PubMed Link to Article
Koch-Henriksen  N An epidemiological study of multiple sclerosis: familial aggregation, social determinants, and exogenic factors. Acta Neurol Scand Suppl 1989;1241- 123
PubMed
Bager  PNielsen  NMBihrmann  K  et al.  Childhood infections and risk of multiple sclerosis. Brain 2004;1272491- 2497
PubMed Link to Article
Jersild  CFog  THansen  GSThomsen  MSvejgaard  ADupont  B Histocompatibility determinants in multiple sclerosis, with special reference to clinical course. Lancet 1973;21221- 1225
PubMed Link to Article
Ythier  AMoreau  JFPeyrat  MABignon  JDSoulillou  JP HLA-AB and -DR types in patients with infectious mononucleosis (IM). Tissue Antigens 1983;21329- 332
PubMed Link to Article
Evans  ASNiederman  JCCenabre  LCWest  BRichards  VA A prospective evaluation of heterophile and Epstein-Barr virus-specific IgM antibody tests in clinical and subclinical infectious mononucleosis: specificity and sensitivity of the tests and persistence of antibody. J Infect Dis 1975;132546- 554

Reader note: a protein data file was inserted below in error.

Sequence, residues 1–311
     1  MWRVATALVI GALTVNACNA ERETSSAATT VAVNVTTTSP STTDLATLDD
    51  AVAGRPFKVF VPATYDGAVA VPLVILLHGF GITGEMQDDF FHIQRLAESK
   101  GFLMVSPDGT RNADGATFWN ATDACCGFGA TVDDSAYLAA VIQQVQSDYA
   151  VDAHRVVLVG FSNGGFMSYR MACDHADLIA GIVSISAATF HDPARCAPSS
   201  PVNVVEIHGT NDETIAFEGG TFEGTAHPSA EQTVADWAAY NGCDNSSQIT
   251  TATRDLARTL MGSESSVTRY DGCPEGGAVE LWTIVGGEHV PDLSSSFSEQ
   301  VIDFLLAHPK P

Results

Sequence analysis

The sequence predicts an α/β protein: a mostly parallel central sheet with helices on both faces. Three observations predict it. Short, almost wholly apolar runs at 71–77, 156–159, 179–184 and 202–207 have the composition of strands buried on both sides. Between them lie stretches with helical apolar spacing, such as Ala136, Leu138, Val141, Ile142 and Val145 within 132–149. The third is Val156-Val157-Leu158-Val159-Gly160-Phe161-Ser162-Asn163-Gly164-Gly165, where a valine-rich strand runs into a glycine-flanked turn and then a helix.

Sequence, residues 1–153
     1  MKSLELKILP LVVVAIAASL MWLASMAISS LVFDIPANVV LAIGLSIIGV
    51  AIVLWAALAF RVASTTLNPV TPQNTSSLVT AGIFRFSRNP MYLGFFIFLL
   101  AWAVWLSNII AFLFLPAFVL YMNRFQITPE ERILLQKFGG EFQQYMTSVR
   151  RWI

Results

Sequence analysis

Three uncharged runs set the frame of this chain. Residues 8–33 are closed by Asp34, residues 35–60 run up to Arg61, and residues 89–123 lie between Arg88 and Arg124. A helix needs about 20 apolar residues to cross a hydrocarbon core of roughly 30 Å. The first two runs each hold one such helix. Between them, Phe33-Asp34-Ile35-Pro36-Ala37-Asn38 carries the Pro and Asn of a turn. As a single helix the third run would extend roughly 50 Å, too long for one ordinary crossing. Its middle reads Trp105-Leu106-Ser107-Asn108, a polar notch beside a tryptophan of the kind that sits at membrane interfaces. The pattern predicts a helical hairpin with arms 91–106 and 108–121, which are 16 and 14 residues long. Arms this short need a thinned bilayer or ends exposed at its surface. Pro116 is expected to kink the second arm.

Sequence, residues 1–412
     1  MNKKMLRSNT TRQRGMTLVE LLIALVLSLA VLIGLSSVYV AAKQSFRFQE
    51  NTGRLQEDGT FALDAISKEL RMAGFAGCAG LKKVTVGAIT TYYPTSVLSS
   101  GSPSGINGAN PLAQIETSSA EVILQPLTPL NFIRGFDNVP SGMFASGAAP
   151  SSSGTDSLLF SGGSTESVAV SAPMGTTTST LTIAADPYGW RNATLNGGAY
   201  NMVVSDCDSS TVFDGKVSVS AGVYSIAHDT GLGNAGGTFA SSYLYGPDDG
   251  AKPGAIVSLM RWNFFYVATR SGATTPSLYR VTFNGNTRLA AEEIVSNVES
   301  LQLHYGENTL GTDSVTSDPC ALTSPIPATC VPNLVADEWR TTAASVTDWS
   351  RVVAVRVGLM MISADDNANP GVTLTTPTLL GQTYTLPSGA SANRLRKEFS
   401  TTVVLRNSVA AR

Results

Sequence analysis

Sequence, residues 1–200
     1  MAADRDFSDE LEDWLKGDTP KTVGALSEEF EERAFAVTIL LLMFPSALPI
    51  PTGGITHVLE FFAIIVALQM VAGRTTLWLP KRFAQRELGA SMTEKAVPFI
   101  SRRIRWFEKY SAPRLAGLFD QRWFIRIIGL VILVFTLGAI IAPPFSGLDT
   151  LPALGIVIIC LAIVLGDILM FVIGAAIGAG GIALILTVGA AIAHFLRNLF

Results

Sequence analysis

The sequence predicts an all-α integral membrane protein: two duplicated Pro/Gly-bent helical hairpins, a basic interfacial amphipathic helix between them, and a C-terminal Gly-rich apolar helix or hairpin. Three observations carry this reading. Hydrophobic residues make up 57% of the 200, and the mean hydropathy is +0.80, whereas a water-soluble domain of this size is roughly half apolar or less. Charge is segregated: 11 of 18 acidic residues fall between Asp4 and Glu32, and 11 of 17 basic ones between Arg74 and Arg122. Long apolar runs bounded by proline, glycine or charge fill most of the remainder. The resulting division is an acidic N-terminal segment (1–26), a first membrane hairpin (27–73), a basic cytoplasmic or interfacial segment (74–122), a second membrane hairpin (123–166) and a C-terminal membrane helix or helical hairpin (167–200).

PubMed Link to Article
Bruu  ALHjetland  RHolter  E  et al.  Evaluation of 12 commercial tests for detection of Epstein-Barr virus-specific and heterophile antibodies. Clin Diagn Lab Immunol 2000;7451- 456
PubMed

Figures

Tables

Table Graphic Jump LocationTable. SIRs (With 95% CIs) for Multiple Sclerosis in Persons With Positive and Negative Reactions on the Paul-Bunnell Test

References

Martyn  CN McAlpin's Multiple Sclerosis: The Epidemiology of Multiple Sclerosis.  New York, NY: Churchill; 1991:3-40
Wandinger  KJabs  WSiekhaus  A  et al.  Association between clinical disease activity and Epstein-Barr virus reactivation in MS. Neurology 2000;55178- 184